Thoughts after the trip to Germany

10 October 2015


Refuge City

Yesterday we got back from the trip to Leipzig, a German city with 500,000 inhabitants that has had to ready itself to receive about 5,000 refugees in a very short space of time. It was a technical trip: we wanted to see what the plans we are developing on paper to shelter refugees in Barcelona looked like on the ground. There was a political side to it as well: to establish institutional relations with a city that we can learn a great deal from, and with which we will be sharing strategies from now on. As cities we must come together to make ourselves heard where decisions that affect us are made. Because the US and EU dictate the laws, but in the end it is the cities that take people in.

There was a third reason for organising this trip: the civic dimension. We wanted to gauge the situation in the city, listen to its residents, those who have thrown themselves into welcoming the refugees and those who are afraid, who have doubts and contradictory feelings. There is no more effective way of dealing with fear than being able to express it. Nor is there a more effective way of responding to doubts than providing honest, firsthand information. Leipzig City Council should be congratulated for the information sessions they organise with the residents of each neighbourhood, for having realised that the process of welcoming and socially including the new arrivals will not be successful if the citizens do not get involved, share responsibility, and collaborate in it. And when I say "citizens", I'm including the refugees themselves.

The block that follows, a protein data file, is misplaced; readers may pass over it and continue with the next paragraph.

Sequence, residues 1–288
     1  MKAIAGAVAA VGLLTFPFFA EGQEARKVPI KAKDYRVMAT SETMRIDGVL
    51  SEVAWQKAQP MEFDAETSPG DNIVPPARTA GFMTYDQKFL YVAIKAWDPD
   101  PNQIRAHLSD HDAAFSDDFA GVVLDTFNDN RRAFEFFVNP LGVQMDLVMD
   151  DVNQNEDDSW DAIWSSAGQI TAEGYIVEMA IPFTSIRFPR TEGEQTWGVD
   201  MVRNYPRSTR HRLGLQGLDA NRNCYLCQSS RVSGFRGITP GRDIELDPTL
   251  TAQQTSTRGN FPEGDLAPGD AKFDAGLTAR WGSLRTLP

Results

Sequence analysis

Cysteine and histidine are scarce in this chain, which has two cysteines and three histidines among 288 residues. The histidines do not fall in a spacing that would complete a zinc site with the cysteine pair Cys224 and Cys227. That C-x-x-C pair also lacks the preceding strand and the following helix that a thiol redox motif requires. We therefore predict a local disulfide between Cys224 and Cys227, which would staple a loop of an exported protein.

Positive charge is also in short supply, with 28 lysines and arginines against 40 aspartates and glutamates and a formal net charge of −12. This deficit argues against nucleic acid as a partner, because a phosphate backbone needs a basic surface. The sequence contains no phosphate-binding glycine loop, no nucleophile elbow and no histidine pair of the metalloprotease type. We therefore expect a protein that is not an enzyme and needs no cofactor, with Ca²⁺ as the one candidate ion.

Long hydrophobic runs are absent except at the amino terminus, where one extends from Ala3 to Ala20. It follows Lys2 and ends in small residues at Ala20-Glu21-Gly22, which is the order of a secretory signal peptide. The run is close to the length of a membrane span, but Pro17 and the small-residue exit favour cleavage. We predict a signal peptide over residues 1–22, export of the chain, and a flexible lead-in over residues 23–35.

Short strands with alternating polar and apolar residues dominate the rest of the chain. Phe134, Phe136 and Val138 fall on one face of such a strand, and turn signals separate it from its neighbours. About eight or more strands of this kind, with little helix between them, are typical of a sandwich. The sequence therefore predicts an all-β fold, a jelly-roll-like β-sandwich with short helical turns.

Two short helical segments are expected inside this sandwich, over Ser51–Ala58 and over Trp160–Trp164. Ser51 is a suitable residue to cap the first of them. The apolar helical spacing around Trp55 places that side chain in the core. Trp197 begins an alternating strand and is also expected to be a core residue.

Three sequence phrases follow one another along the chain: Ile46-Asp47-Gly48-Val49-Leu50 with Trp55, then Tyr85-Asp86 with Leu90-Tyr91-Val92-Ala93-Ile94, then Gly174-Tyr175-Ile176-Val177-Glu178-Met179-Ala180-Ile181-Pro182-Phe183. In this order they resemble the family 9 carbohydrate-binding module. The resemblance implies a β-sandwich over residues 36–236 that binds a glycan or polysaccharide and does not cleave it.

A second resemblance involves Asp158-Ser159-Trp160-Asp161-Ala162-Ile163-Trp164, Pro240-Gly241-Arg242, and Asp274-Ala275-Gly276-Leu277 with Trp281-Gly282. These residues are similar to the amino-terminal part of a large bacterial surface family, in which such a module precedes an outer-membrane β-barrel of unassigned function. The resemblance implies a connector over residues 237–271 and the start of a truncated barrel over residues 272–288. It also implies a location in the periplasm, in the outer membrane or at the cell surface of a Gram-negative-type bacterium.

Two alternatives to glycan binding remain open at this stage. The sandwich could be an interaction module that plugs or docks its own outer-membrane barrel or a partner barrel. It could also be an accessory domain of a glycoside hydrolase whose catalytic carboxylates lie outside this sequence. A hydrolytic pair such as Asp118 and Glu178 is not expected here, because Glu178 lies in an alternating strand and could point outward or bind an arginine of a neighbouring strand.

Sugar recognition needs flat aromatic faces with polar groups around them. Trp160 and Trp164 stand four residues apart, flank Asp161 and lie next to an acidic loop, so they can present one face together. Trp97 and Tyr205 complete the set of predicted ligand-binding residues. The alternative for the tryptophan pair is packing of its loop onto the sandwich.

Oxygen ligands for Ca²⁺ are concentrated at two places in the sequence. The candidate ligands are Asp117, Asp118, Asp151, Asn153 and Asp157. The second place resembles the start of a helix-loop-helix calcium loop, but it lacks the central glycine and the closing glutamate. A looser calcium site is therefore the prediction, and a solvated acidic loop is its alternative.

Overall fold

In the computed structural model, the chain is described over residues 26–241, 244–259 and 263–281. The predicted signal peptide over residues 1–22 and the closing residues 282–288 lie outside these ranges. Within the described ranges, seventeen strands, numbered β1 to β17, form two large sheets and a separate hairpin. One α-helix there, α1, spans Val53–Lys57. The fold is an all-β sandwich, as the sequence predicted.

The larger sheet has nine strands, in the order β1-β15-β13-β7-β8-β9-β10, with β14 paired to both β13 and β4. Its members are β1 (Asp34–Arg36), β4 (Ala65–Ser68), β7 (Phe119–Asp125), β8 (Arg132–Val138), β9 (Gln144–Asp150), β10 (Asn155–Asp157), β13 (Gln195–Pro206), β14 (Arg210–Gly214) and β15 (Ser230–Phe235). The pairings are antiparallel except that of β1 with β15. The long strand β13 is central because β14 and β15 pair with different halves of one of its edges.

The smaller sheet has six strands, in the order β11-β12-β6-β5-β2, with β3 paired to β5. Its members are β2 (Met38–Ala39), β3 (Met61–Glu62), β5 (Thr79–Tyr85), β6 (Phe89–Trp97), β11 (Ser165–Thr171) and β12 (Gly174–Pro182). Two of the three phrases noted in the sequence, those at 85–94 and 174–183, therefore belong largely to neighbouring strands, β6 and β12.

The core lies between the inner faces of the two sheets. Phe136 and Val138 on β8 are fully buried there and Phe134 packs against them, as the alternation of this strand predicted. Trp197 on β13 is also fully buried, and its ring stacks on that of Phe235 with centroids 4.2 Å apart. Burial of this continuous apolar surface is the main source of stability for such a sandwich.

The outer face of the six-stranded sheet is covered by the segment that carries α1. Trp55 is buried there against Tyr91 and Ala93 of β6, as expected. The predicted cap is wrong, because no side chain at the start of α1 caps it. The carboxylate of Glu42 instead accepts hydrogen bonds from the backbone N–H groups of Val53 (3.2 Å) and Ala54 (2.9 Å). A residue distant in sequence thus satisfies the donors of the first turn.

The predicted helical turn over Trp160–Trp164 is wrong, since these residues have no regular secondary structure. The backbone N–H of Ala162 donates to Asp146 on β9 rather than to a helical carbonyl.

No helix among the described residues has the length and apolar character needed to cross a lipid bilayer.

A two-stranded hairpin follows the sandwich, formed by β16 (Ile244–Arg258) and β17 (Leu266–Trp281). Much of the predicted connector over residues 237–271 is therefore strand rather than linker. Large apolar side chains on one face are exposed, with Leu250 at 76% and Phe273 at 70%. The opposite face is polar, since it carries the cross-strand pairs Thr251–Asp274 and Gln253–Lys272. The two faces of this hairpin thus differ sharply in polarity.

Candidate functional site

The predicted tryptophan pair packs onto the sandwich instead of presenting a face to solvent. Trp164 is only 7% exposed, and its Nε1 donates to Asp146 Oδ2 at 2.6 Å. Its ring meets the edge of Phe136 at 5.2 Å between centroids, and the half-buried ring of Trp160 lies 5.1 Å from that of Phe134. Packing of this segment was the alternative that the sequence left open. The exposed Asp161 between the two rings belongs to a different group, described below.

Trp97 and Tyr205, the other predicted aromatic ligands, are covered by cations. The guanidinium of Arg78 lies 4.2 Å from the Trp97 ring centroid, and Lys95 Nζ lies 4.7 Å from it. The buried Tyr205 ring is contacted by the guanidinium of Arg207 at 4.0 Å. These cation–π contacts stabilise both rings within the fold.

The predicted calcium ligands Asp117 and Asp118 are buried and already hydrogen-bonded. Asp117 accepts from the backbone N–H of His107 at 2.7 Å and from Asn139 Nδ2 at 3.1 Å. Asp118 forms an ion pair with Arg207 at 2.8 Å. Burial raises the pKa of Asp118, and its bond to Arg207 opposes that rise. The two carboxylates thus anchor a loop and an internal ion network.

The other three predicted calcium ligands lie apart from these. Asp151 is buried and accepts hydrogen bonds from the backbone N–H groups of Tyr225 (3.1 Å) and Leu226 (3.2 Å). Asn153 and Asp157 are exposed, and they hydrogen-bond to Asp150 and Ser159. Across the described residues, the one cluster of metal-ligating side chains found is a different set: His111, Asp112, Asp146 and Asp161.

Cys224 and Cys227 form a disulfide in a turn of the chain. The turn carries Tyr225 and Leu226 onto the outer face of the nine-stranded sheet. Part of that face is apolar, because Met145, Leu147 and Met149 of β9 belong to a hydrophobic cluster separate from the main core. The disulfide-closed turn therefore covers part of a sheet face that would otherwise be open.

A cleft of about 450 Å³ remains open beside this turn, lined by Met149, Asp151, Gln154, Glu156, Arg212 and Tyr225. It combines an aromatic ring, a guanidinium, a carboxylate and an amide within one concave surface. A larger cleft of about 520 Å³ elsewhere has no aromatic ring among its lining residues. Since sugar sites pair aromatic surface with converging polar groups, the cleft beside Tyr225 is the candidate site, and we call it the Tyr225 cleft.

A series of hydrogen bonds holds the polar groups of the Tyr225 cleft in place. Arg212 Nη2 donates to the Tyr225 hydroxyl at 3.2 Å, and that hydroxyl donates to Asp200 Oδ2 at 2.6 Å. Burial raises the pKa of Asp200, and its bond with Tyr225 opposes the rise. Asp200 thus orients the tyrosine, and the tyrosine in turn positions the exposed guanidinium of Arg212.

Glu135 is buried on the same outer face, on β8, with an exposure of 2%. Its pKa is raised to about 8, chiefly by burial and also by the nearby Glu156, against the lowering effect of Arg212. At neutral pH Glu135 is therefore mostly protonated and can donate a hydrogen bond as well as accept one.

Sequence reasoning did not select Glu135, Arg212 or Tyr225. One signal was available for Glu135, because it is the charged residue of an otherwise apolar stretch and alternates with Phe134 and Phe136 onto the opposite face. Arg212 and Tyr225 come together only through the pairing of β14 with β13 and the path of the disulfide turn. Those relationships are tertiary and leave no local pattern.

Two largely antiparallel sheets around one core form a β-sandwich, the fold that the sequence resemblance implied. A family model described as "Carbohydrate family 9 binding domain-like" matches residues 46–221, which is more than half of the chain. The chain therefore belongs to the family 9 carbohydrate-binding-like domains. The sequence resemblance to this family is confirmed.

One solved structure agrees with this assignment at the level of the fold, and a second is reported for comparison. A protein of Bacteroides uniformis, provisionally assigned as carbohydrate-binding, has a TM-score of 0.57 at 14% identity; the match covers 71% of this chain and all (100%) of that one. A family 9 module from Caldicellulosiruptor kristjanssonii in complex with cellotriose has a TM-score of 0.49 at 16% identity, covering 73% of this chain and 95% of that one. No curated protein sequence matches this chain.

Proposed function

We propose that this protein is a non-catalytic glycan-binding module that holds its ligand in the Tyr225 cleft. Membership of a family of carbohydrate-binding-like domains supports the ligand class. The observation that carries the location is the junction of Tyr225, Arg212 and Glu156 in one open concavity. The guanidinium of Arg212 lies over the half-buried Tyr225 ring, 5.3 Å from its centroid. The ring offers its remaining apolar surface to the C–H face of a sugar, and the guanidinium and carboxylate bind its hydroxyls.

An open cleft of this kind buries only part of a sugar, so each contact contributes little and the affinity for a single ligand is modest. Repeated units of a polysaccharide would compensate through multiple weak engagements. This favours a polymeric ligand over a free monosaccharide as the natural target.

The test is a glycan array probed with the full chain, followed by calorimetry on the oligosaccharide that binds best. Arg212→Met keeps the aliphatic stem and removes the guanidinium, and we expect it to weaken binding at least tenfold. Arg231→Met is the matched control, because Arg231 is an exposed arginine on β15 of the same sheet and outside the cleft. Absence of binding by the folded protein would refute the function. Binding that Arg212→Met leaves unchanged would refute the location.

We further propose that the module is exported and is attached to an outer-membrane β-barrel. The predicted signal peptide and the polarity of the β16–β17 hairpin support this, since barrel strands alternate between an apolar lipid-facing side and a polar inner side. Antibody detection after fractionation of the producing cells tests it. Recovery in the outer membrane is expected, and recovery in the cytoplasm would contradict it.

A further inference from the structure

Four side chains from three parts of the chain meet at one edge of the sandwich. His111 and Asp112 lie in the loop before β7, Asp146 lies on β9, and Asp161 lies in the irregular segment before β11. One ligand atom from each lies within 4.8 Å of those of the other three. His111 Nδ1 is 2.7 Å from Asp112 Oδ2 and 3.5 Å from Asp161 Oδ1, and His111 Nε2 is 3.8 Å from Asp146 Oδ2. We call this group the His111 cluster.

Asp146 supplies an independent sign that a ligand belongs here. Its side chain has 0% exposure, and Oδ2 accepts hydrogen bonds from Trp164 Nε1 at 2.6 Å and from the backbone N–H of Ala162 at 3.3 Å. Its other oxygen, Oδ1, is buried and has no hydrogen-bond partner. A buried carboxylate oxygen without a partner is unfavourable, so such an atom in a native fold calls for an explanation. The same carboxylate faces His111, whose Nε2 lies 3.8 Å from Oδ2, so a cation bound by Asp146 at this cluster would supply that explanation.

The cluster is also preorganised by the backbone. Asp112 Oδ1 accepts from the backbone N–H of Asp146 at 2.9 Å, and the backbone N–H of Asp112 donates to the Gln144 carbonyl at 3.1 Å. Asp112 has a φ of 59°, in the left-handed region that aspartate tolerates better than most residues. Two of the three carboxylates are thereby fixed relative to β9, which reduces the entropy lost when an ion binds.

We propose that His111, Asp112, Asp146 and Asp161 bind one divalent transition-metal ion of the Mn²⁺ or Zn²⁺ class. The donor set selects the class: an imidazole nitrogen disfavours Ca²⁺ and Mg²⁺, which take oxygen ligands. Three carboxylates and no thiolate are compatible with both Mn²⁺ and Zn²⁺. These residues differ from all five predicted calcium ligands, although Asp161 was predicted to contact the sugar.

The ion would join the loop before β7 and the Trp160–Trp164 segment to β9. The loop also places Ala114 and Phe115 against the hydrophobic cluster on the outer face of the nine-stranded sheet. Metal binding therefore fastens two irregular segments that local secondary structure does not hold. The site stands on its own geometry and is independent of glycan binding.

We are talking about the biggest challenge Europe will have to face in the coming years. This is no temporary crisis: the vast majority of people who arrive in our cities in the coming years ahead will be here to stay. And they will keep coming, however many barriers and however much barbed wire are put up by those who try to stop them. Faced with this situation, there are several things we must be very clear about:

  1. Nobody flees their country without a reason, and fighting to preserve and enjoy a better life is a human right.
  2. We can't chose whether or not we accept refugees, because it is our moral and legal duty to do so, but we can chose how we do it. And turning our city into a model for taking in refugees could be a chance to make Barcelona a better city. We should make the most of it to reassert our best values and feel proud, to come together and learn from any problems that arise. This experience has taught me that defending the rights of one group means defending the rights of all and, if the city comes out of it with its values of justice and solidarity strengthened – no easy task – then it will be a joint victory.

The day before yesterday we visited one of the 20 facilities that Leipzig has turned into a refugee centre. While a social worker was telling us how it worked, one of the boys living there, provisionally, came up to us. He asked us where we were from, so we said from Barcelona and, smiling, he said "Welcome!".

A welcome is, always, a two-way journey.

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This blog features ideas, thoughts and reflections on my daily life as the Mayor of Barcelona.

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